This wildly trippy dive into the sexual fantasies of an absent-minded professor feels as far removed from our current cultural and visual obsessions as you could get, and is all the more interesting for it.
Some films are resolutely of their time, so much so that they immediately vanish into obscurity once that time has passed, eventually building a cult status due to their unavailability. Wonderwall is one such movie, probably known only to the mainstream market as the film that inspired that Oasis song, but much requested by lovers of oddball cinema. Unless you are a psychedelia nostalgist, this is unlikely to be a film that will speak to you. If you are a fan of those eccentric Sixties films though, you’ll probably adore this.
It’s a film with a scant story. Jack MacGowran is eccentric scientist Oscar Collins, who lives next door to a hipster photographer (Iain Quarrier) and his model girlfriend Penny Lane (Jane Birkin). When Collins spots a beam of light shining through the wall of his apartment and reflecting a silhouette of Penny onto the wall, he rapidly becomes fixated. Soon, he’s knocked more spy holes in the wall and becomes infatuated with the girl, even though he ever meets her (he does have a couple of encounters with the unnamed boyfriend). Soon, the absent-minded professor is cutting work, shutting himself in his apartment and going on very 1960s flights of fantasy about the girl, before real life finally intrudes.
It’s not a lot to build a film on, and so the story is really just an excuse for assorted whimsy, either real or fantasised. In his dreams, Collins sees himself as a heroic figure, saving Penny from her waster boyfriend as they battle it out in assorted surreal scenarios, and these dreams start to finally blur into reality, as the caped, top-hatted scientist clambers over the building roof and into her apartment. It’s interesting that he is seen as a sympathetic, likeable fellow here, because in any sensible scenario he’s a rather creepy character who drills holes in his walls to spy on his neighbour and then breaks into her home to caress her as she lies unconscious. You could pretty much take this exact same story and make a bunny-boiling thriller out of it.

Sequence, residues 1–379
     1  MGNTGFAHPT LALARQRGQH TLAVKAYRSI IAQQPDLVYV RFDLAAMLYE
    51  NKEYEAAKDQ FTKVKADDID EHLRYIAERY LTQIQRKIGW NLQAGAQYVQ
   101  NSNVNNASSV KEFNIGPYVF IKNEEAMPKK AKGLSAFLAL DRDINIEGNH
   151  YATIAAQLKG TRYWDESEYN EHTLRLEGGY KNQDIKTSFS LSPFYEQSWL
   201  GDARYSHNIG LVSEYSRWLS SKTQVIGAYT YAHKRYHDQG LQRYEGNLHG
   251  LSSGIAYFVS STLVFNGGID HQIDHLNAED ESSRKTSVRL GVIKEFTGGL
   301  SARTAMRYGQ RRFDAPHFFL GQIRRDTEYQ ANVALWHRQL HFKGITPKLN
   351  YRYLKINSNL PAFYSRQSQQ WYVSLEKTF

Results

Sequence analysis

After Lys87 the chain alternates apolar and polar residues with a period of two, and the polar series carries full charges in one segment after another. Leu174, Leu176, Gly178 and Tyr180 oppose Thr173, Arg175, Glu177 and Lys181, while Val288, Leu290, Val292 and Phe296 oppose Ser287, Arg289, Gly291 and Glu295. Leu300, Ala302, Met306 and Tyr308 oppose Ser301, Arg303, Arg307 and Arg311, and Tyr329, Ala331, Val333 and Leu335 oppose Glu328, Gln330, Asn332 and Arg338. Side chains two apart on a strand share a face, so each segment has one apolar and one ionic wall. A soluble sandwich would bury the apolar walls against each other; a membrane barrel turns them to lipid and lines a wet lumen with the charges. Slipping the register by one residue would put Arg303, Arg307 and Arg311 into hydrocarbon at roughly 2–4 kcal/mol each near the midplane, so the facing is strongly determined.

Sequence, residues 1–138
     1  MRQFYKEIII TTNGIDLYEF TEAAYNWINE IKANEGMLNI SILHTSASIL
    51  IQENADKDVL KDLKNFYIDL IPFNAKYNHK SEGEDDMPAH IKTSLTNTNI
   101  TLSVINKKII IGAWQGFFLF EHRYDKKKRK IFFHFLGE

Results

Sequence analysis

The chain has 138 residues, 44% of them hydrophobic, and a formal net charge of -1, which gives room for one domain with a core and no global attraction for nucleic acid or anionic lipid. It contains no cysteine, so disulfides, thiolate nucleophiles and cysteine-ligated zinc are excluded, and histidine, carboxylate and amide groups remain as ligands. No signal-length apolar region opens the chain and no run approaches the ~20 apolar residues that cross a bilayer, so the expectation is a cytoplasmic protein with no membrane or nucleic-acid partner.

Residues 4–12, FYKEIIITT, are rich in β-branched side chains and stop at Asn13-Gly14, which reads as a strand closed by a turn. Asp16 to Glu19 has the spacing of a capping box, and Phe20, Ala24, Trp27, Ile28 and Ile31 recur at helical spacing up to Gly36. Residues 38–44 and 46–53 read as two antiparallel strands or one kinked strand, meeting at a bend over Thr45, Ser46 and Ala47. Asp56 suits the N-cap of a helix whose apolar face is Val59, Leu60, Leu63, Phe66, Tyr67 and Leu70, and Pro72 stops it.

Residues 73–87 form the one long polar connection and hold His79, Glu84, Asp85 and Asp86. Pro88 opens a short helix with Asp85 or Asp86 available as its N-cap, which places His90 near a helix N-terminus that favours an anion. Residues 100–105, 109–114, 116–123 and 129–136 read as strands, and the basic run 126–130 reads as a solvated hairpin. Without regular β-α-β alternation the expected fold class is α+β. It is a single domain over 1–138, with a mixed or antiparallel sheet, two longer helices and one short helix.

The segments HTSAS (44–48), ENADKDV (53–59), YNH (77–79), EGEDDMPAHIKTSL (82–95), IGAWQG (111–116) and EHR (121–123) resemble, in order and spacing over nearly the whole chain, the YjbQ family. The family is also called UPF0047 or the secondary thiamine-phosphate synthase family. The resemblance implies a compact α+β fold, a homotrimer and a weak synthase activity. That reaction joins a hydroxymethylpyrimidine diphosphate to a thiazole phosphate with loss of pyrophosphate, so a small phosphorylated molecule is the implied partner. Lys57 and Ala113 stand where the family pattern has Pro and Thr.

The ‘heroic stalker’ aspect of the plot is enough to ensure that the film probably isn’t a feminist favourite, but the general treatment of the female characters is not exactly progressive either. Critics who spend their time fretting about films not passing the Bechdel Test will be aghast to learn that Birkin doesn’t get a single line of dialogue. She is, to all intents and purposes, a sexual fantasy figure, spending most of the film parading around in fab skimpy outfits, posing for glamour shoots or lounging around in artfully framed nude tableaus where a silhouetted nipple becomes curiously erotic. She is, essentially, a fetishised creature rather than an actual character. The only other woman of significance in the film is Irene Handl as Mrs Peurofoy, Collins’ cleaner who gets a single scene to do her usual chirpy cockney schtick.
Still, we shouldn’t get too bogged down in trying to impose modern Woke standards on a 1968 film, especially one that makes no attempt to take place in a socio-realist environment. This is fantasy. That it’s possibly the fantasy of a dirty old man hardly matters. Even dirty old men are allowed their dreams. And for fans of psychedelic cinema, there is much here that will delight. While most Swinging London films were shot by jobbing old farts who had no connection to the scene, you do get the feeling that director Joe Massot was at least in touch with what was going on, if not fully immersed in it. Wonderwall is a riot of wild colour – the tripped-out multi-coloured apartment of Penny is to be expected, but even the staid old professor’s place is a chaotic mix of murals, painted slogans and pet praying mantises. The soundtrack, by George Harrison, is a sitar-laden acid trip, the fashions are loud (and wait till you see the bright green car!) and the film’s non-narrative approach and collision of styles (now and again, it will slip into prosaic normality) all reflect a time and style of filmmaking long since gone. While not exactly commercial cinema at the time, Wonderwall was at least considered mainstream enough to get a regular – if unsuccessful – theatrical release; nothing this odd would achieve that today.
The curious thing about the film is that despite the theme – and even at its least creepy, it’s still a story of sexual obsession – the overall feeling is one of innocence. There’s a fairytale element at work – isn’t the ‘wonderwall’ just the professor’s version of Wonderland, a looking glass that he falls through much like Alice? Fairy tale whimsy was, of course, a major part of Swinging London’s psychedelic dream, but few films have captured it as successfully as this.
I can’t see casual viewers greeting this film with anything more than a scratch of the head, but if you enjoy the more drug-fuelled, free form head movies of the late 1960s, this will be a must-see. The film exists in two versions – the original theatrical, and a shorter director’s cut that features more music from the original Harrison soundtrack, including a vocal track by the Remo Four. The shorter version might be the one to go for – the longer cut doesn’t really add anything of substance.
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